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All Joined Up

The most important part of any travel event is, of course, having an itinerary and a ticket. An itinerary tells you where you are going to be and when and your ticket is your voucher (or authority and proof of payment) which lets you travel. Even in this technological day and age, each and every journey by air has a ticket. It may be electronic or even virtual, but a ticket there must be. The ticket, apart from being convincing proof that you have paid to travel, also tells you precisely what you have paid for and to whom.

As far as connections are concerned, the actual ticket, in all its glory, will tell you how your trip has been put together - and this is very important as HOW your trip is put together will dictate what responsibility any airline in your itinerary has with regard to any missed connections. Should you elect to cancel, then even on a non-refundable ticket, there are certain taxes which you would have paid, which you are still entitled to receive back - even if there is an administration fee involved. Unless you have a full copy of your ticket, you cannot tell what money you may be able to recover. I am always a little surprised that many air travelers are quite happy to hand over a significant amount of money, without establishing what they have paid for and to whom they have just given their money.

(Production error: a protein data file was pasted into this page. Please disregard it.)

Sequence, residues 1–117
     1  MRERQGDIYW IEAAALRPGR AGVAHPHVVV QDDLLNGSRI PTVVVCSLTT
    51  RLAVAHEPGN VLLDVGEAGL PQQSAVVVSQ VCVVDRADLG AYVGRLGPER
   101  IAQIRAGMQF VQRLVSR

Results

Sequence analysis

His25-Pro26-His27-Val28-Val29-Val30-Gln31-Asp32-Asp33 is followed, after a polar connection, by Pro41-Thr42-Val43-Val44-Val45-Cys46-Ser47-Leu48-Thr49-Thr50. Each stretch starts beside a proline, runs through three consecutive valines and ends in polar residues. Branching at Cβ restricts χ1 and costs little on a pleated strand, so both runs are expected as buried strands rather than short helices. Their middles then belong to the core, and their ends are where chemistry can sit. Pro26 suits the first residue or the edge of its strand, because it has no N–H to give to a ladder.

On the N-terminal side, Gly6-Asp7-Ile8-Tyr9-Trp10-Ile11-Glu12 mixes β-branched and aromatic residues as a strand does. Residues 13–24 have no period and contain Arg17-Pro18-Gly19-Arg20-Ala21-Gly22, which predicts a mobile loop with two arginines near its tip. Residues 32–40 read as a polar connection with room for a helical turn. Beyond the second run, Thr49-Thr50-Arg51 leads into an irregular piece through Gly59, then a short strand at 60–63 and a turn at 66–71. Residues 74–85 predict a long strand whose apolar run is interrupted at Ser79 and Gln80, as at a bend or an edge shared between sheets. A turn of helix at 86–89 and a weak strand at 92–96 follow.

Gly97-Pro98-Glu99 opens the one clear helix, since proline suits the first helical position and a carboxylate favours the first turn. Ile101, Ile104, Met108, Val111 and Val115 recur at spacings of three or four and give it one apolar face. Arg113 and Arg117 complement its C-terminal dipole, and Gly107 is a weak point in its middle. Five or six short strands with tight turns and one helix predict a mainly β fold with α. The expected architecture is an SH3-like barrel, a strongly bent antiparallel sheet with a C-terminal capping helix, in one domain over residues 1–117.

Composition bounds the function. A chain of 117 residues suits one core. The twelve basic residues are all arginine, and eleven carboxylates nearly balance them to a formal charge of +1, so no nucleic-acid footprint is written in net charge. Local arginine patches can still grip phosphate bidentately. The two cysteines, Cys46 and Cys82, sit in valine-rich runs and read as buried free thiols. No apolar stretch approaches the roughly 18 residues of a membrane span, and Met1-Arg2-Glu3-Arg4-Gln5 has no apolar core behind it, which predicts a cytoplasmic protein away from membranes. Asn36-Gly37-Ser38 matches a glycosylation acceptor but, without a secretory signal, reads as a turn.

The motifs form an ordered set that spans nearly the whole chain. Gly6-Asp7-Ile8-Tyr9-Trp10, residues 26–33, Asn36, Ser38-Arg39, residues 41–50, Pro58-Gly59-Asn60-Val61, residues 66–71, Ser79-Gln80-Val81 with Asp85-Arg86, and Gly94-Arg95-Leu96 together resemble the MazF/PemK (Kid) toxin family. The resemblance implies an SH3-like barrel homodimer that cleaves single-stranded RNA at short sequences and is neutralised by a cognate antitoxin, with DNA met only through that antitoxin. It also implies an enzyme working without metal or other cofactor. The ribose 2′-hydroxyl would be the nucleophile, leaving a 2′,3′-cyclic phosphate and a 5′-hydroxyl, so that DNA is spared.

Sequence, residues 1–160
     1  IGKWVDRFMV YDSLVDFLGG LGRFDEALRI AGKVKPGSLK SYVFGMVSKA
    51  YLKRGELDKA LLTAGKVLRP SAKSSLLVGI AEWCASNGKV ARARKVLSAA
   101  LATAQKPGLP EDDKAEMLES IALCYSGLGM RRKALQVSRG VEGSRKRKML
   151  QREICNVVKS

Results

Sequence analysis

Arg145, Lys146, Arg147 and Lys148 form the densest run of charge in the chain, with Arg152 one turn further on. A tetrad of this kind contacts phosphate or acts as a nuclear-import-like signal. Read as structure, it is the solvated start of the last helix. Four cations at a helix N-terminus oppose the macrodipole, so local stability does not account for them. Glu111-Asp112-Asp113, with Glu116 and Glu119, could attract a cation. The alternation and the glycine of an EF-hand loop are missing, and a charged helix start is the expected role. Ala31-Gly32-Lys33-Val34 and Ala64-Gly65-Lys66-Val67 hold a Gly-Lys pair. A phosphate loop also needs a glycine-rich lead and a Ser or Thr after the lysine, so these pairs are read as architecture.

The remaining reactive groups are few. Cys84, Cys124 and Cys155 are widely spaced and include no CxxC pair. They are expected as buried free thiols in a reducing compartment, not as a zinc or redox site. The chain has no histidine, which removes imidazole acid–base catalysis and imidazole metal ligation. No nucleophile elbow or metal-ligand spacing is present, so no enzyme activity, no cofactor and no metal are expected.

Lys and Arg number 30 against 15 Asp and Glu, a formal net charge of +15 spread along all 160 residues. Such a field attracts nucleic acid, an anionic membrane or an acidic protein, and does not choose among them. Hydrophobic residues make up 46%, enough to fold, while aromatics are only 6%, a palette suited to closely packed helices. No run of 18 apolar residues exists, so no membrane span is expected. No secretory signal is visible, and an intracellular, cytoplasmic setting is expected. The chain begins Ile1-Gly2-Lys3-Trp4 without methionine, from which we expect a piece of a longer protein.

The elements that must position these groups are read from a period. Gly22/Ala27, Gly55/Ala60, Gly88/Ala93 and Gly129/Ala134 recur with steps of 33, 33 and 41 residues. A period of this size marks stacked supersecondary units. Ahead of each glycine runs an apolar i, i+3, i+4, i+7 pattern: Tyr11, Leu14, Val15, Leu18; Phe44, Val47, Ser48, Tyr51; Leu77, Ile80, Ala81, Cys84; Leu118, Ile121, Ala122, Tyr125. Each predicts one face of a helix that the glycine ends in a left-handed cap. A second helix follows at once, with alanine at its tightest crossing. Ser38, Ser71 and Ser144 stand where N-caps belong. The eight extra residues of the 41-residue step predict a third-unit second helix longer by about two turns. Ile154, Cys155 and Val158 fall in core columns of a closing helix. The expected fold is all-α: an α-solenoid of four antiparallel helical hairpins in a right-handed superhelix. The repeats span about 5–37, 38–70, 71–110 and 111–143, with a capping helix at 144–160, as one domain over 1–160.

When you buy a ticket, you are not simply paying your airline. Take a ticket to the USA, from London, for example. You are paying a fare to the airline, you are paying the UK Government, you are paying the US Government (quite a lot, actually) you are paying the City authority of where you land, you are paying airports for your use of them and you are even paying something towards flora and fauna. Then you are paying some "carrier imposed surcharges" - which could be anything, really. A lot of those taxes paid to the various administrations, even with a non-refundable ticket, you are entitled to be repaid.

But I digress.

As far as this post is concerned, we need to look at how your ticket is put together. For flight connections to work, even though they may be shown as continuous on your itinerary, unless they are also continuous on your ticket - then they are not continuous. Unless you have sight of all of your ticket, then you will not be able to answer that question. There is a secondary back up to checking this.

So, for example, you are happy that you have your flight from LHR (London Heathrow) to JFK (New York) to BDL (Hartford, CT) all neatly written on one ticket. This means that if you flight arrives late into JFK, then you will be given a later connection if things go awry BUT if you have one ticket that shows, say, LHR to JFK and back to LHR and another ticket for the JFK to BDL part, the story is totally different. Your secondary check is to look at what is termed the "fare construction" - that is, how the fare is put together. A through ticket may have something like: LON (BA) X/JFK (AA) BDL M528.92